The world of Forex trading is a multi-billion dollar industry comprising various complexities of the financial market. Historically the Forex industry started off in the late 1970s, although in those days and throughout the 1980’s it was an incredibly exclusive world, a boys club if you will, dominated by traders and investment bankers in expensive suits. The yuppie culture dominated this world in the excess-ridden decade of the 1980s and it wasn’t until the mid-1990s that things began to change as the internet entered its first phase of commercialization. It was during this time that industries, either previously land-based or confined to certain groups started migrating into the world of cyberspace where access to all would become a reality. Forex trading went online for the first time in 1994 and today offers retail trading via desktop, smartphone, and tablet devices. It’s a long way from where it all began. However, the almost ubiquitous nature of the industry has also meant that along with the good and regulated have also come the chancers and the scammers. In essence, it’s important to know the laws surrounding the provision of Forex broker services and the regulatory bodies that govern the rules of their operations.
Forex Regulatory & Governing Bodies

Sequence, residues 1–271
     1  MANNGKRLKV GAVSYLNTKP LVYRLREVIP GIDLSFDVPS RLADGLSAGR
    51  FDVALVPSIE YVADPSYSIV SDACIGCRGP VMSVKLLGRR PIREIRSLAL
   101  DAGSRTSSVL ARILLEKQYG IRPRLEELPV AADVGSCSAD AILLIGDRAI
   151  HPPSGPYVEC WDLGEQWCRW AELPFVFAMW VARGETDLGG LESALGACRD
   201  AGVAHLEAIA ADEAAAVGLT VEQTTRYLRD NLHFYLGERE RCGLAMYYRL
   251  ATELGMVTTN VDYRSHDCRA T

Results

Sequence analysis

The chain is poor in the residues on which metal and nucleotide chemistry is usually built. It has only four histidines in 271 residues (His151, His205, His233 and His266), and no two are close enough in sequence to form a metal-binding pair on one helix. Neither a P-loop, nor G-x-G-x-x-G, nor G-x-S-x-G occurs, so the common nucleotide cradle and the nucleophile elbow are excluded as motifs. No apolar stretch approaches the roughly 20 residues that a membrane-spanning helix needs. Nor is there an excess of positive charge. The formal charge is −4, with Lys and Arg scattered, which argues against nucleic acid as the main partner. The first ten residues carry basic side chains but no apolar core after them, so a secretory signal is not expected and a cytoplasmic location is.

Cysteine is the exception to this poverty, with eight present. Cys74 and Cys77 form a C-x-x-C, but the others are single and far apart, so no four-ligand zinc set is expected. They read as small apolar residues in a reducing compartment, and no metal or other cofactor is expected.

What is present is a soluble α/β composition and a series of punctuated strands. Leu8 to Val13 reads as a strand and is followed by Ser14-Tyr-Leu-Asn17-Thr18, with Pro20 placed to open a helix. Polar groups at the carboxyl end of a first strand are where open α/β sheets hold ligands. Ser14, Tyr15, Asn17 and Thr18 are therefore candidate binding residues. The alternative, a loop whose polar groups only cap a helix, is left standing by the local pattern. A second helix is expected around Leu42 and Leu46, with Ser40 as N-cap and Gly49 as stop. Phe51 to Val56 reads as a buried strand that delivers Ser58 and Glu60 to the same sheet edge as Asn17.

The Commodity Futures Trading Commission (CTFC)
Established in 1974, the CTFC independently governs the American Forex industry with regards to option markets and commodity futures for retail traders. This governing body was established to protect traders against any kind of malpractice such as fraudulent activities and illegal manipulation while also ensuring a competitive and efficient futures market. The CFTC updates resources around Forex trading and stays abreast of developing financial technologies such as Bitcoin futures contracts to help maintain the integrity of this complex industry.
The National Futures Association (NFA)
In the US all operating Forex brokers must take up membership with the NFA so that they may work on behalf of US retail traders. The NFA is a self-regulatory body whose goal is to protect the integrity of the Forex market and instil new governing rules when required.
The Financial Conduct Authority (FCA)
Applicable to our friends across the pond, the FCA is a British Independent regulatory body bestowed with statutory powers by the Financial Services and Markets Act (2000). This governing body serves within a protective capacity by rooting out rogue forex trading and brokerage firms and thus protecting retail traders from such harmful entities. The FCA keeps an up-to-date list of all UK chargeback firms that are authorised to conduct forex trading or offer trading platforms that facilitate retail traders with the services required to buy and sell forex, CFD’s (contracts for difference), commodities and binary options.
Universal Laws And Regulations
- All forex brokers and platforms operating in your country must have a license to do so; if not you could risk trading illegally.
- All licensed forex dealers and brokers must submit to periodic auditing to ensure adherence to both national and industry standards and regulations.
- According to law forex brokers are compelled to honour all contracts held with their trading clients and failure to do so can result in revoked licenses.
- All forex brokers must retain enough funds to cover the investments of their clients.
- All forex platforms and brokers must disclose the potential risks associated wit forex trading. Those that guarantee profits are best avoided.